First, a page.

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USS Tattnall (DDG-19) Welcome Aboard Brochure

Cover: United states Ship Tattnall Guided Missile Destroyer 19.


UNITED STATES SHIP TATTNALL

GUIDED MISSILE DESTROYER 19


Page two.


From the Commanding Officer:

Dear Friends and Visitors,

The officers and crew of USS Tattnall would like to take this opportunity to extend to you a sincere Welcome Aboard.

TATTNALL is a Charles F. Adams DDG-2 class guided missile destroyer. This class destroyer is one of the most versatile and dependable warships ever constructed.

TATTNALL is capable of performing all aspects of naval warfare including surface, sub-surface, anti-air and missions in support of amphibious operations.

TATTNALL is manned by 20 officers and 330 enlisted men who are highly skilled and trained professionals. Our prime goal is readiness. Each man plays a vital part in this team effort which requires much hard work and dedication to insure the proper maintenance and operation of TATTNALL’s sophisticated electronic and propulsion machinery. In addition to our purely tactical or offensive duties, one of TATTNALL’s chief concerns is for the men that operate and run the ship. To keep men and their morale up to par, TATTNALL offers some of the finest postal services, laundry services, disbursing services, food preparation and ship’s entertainment in the fleet. All are vital to our overall mission effectiveness.

We consider TATTNALL the finest ship in the fleet and are proud to have you on board. Enjoy your visit and do not hesitate to ask questions.

Sincerely,

P. E. Tobin
Commander, U.S. Navy


Page 3.


COMMANDER PAUL E. TOBIN

Commander TOBIN graduated from the United States Naval Academy in 1963 and reported to USS Towers (DDG 9) where he served as First Lieutenant and Main Propulsion Assistant.

After graduating from Naval Destroyer School in 1966, he was assigned as Engineer Officer in USS DAVIS (DD 937) where he was awarded a Bronze Star for operations associated with the salvage of the USS LIBERTY (AGTR 5) after that ship sustained heavy combat damage in the 1976 Mid-East War.

In 1968, Commander TOBIN commenced postgraduate studies at the U.S. Naval Postgraduate School which culminated in a Master of Science degree in Computer Systems Management. In 1970, he joined the staff of Naval Destroyer School as head of the Technical Training Branch and as an engineering instructor in the Department Head and PCO/PXO courses.

In 1971, Commander TOBIN reported as Aide and Flag Secretary to the Commander Naval Forces Vietnam and was awarded the Navy Commendation Medal for duties performed in that assignment. Returning to shipboard duty in 1973, he served as Executive Officer in USS KOELSCH (FF 1049). Upon completing this tour, he reported as Aide and flag Lieutenant to the President of the Naval War College and subsequently graduated with distinction from the Naval Command and Staff Course.

In 1976, Commander TOBIN reported to the Office of the Chief of Naval Operations where he served in the Systems Analysis Branch (OP 96). For this tour of duty, he was awarded a Gold Star in lieu of a second Navy Commendation Medal.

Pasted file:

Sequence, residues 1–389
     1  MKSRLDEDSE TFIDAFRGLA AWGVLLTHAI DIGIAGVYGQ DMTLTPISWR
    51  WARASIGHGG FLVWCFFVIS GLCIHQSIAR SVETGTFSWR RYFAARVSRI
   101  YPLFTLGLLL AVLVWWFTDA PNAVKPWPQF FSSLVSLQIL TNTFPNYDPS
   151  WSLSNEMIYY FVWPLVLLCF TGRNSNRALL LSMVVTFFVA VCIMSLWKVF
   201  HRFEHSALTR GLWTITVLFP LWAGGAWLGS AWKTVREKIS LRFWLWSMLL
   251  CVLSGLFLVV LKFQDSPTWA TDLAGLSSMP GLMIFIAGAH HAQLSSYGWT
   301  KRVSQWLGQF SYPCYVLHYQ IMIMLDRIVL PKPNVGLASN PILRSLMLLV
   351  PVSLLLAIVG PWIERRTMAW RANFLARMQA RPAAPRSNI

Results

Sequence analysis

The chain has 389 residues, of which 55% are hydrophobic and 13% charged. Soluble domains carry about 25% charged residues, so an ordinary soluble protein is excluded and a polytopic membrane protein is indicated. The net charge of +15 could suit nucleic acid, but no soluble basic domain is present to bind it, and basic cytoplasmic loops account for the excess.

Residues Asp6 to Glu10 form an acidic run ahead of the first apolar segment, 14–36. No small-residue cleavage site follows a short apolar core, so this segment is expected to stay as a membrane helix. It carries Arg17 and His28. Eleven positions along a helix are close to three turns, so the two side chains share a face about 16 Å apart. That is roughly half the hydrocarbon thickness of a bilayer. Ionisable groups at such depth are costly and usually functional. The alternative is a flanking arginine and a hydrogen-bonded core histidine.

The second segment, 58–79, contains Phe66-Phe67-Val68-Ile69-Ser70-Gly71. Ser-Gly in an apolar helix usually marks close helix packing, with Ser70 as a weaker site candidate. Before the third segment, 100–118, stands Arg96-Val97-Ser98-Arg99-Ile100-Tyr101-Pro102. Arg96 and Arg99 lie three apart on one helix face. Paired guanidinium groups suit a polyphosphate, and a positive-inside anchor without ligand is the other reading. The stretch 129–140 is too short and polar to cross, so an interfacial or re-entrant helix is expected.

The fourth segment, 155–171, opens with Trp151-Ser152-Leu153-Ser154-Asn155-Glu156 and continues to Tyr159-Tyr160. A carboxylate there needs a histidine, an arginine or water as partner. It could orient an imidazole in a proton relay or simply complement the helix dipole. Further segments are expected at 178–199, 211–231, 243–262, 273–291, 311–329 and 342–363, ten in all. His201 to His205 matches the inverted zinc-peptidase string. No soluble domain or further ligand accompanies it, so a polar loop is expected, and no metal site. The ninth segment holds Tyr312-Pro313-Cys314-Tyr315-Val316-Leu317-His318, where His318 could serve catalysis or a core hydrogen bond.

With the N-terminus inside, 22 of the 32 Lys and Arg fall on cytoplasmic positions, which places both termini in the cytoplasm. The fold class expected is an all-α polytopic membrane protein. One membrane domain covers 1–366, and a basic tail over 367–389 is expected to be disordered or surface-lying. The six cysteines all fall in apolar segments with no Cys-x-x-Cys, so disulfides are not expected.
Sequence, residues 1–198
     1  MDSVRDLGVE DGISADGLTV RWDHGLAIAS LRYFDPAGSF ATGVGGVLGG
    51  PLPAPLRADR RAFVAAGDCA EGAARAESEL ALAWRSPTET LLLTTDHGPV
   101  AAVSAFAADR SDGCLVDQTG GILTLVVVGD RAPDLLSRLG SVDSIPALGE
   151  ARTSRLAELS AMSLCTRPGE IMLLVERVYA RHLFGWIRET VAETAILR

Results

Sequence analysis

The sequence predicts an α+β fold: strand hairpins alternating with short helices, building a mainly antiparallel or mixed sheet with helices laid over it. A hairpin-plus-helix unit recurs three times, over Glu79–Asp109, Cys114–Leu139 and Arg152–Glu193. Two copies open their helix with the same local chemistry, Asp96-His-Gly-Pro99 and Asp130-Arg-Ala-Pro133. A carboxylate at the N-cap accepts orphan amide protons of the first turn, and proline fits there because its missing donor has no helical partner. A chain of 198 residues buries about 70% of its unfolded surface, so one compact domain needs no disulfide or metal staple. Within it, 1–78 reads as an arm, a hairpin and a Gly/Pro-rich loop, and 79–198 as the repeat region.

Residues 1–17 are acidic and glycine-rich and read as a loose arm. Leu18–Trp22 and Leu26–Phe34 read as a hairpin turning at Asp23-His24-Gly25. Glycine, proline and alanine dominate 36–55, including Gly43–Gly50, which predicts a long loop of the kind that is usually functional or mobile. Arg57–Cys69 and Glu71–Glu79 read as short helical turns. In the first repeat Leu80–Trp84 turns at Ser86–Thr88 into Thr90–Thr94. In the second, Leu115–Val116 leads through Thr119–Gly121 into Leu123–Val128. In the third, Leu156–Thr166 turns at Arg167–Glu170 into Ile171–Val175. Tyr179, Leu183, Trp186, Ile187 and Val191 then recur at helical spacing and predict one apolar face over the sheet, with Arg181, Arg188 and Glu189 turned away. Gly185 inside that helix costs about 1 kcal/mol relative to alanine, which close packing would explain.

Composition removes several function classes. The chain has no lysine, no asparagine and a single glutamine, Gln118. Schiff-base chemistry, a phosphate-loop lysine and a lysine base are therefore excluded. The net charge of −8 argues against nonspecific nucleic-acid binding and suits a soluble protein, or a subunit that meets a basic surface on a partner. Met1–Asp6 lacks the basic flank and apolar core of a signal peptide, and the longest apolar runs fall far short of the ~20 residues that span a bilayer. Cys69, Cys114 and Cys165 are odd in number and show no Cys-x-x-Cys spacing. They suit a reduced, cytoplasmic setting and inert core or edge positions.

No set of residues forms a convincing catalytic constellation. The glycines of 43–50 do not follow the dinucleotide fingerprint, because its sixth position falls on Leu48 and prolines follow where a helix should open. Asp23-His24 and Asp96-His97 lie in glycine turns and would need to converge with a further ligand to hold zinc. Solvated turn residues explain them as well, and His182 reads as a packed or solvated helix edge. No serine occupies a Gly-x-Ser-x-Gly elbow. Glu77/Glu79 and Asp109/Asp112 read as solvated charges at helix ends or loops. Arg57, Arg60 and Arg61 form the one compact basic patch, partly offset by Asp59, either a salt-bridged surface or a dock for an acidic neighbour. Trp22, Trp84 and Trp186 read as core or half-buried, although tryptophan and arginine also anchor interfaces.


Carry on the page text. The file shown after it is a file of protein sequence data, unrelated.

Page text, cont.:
Commander TOBIN is married to the former Lynne Carter of Shaker Heights, Ohio and they have two daughters, Mary Elizabeth and Patricia.


Back.


USS TATTNALL (DDG 19)

The Guided Missile Destroyer USS TATTNALL (DDG 19) is the second ship of the Fleet to be named in honor of Captain Josiah Tattnall, U.S. Navy and Confederate States Navy.

The present TATTNALL (DDG 19) was commissioned April 13, 1963, and soon after assumed her duties as a member of the Cruiser-Destroyer Force, U.S. Atlantic Fleet. Initially homeported in Charleston, South Carolina, a member of Cruiser-Destroyer Flotilla SIX, TATTNALL participated in four Mediterranean, and one North Atlantic cruise, along with numerous anti-submarine, missile and gunnery exercises in the Caribbean.

In June of 1969, TATTNALL changed her homeport to Mayport, Florida, where she became a member of Cruiser-Destroyer Flotilla TWELVE. Since being homeported in Mayport, TATTNALL has participated in three Northern European cruises, two Mediterranean cruises, and various Second Fleet exercises in both Atlantic and Caribbean waters.

TATTNALL’s deployment to the Sixth Fleet in 1975 culminated in an historic visit to Leningrad in May of that year. This marked the first time in some 30 years that a U.S. warship visited the Soviet Union.

TATTNALL carries a wide range of destructive power which exceeds that of ships twice her size in World War II. Her primary mission is to protect task force units from any enemy; in the air, on the surface, or lurking in the depths of the sea.

In carrying out her mission, TATTNALL utilizes the very latest warning and fire control systems to feed information to the various weapons. The Standard Missile is TATTNALL’s primary anti-aircraft weapon, capable of destroying supersonic fighters and bombers. To counteract the ever dangerous submarine, the ASROC (Anti-Submarine Rocket) may be used with deadly accuracy.

Powered by two steam turbines which develop up to 70,000 horsepower, and propelled by twin screws, TATTNALL has excellent maneuverability, along with high speed.

Our mobility is the key to all of these operations; TATTNALL can go anywhere that the fleet operates, ever[y] ready to serve in peace and war.

SHIP’S STATISTICS
Ship’s Length 437 Feet
Ship’s Beam 47 Feet
Officer complement 20
Displacement 4500 tons
Draft 24 Feet
Enlisted complement 330


Source: Tatnall, USS file, ZC files, Navy Department Library.

Related Source: USS Tatnall DDG-19 history, Dictionary of American Fighting Ships.